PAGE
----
The Italian Supreme Court (Corte di Cassazione) concluded that Spanish pension funds—subject to tax in Spain at a rate of 0%—are entitled to a refund of the withholding tax imposed at a rate of 15% on dividends distributed to the pension funds by Italian companies in 2006.
The case identifying information is: decision no. 1967 (filed 29 January 2020)
A Spanish management company, as a legal representative of 11 Spanish pension funds, requested a refund of the 15% withholding tax applied on dividends distributed to the pension funds by Italian companies in 2006.
The 15% rate of withholding tax had been applied pursuant to a provision of the income tax treaty between Italy and Spain.
The original refund claim was based on the premise that dividends distributed to Spanish shareholders are to be taxed on the same basis as those distributed to Italian companies (which for the year at issue were subject to tax at a rate of 1.65%).
The Italian high court held that even though the income tax treaty withholding tax rate of 15% was lower than the “standard” 27% withholding tax rate applied under Italian law, the 15% withholding tax rate was still in violation of EU Treaty rules. As the Supreme Court continued to explain, the Spanish pension funds were subject to a 0% rate of tax in Spain, their country of residence, and that the refund of withholding tax must be granted since the pension funds were liable to tax in Spain.
The Supreme Court continued to note that the EU Parent-Subsidiary Directive was not applicable, and that EU Treaty rules thus prevailed over the provisions of the Italy-Spain income tax treaty. Accordingly, dividends distributed to the Spanish pension funds must be taxed in the same manner as those distributed to Italian entities starting from the 2004 tax year (the period from which the participation exemption was in force in Italy).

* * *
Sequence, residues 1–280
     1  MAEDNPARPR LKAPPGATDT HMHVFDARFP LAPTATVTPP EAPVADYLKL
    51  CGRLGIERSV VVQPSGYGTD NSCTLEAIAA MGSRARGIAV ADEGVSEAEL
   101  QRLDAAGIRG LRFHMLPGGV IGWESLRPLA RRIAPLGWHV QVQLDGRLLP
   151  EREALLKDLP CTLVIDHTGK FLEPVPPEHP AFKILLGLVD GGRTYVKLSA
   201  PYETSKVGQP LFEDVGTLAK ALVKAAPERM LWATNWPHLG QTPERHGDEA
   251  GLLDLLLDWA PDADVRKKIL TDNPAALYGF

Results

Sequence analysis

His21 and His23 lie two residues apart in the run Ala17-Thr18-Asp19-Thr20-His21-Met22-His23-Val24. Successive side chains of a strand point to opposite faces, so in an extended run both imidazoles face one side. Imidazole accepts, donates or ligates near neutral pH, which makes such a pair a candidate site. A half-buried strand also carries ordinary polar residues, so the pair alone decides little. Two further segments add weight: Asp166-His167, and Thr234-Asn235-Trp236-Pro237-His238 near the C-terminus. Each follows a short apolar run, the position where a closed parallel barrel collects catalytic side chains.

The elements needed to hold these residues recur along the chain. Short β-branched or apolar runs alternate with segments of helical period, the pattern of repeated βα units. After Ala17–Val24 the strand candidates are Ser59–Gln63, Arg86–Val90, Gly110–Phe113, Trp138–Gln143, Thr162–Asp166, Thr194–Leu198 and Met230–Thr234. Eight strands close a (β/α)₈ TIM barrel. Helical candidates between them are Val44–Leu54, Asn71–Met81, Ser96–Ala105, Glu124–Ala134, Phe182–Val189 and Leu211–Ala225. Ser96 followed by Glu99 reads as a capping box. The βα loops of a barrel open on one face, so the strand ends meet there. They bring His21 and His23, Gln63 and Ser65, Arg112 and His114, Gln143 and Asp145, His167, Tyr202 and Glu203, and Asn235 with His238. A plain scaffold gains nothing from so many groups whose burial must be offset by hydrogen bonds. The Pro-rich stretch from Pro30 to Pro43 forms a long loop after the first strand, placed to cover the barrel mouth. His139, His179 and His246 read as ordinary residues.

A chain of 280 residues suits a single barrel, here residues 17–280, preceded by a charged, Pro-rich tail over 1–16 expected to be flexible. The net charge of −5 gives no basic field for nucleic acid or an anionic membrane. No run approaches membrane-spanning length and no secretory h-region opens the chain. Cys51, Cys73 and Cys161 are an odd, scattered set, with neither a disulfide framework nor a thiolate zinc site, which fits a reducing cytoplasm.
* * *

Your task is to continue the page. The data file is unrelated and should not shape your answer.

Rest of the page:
The Supreme Court decision may present opportunities for entities, such as pension funds, that have been subject to withholding tax in Italy even though they may be exempt from tax in their country of residence. These entities may entitled to refunds of the difference between the withholding tax levied (27% or 15%) and the tax imposed in Italy on dividends distributed to Italian entities (1.65% from 2004 to 2007; 1.375% from 2008 to 2016; 1.2% from 2017).
Taxpayer entities may want to consider judicial review by the Italian tax court of the “silent rejection” by the Italian tax authorities of previously filed claims for refunds of withholding tax. In particular, pension funds that have not yet filed refund claims may want to consider submitting a claim for refund of tax withheld on dividends distributed from 2016 onwards (the statute of limitations is 48 months from the payment date of the withholding tax).
Read a February 2020 report [PDF 167 KB] prepared by the KPMG member firm in Italy
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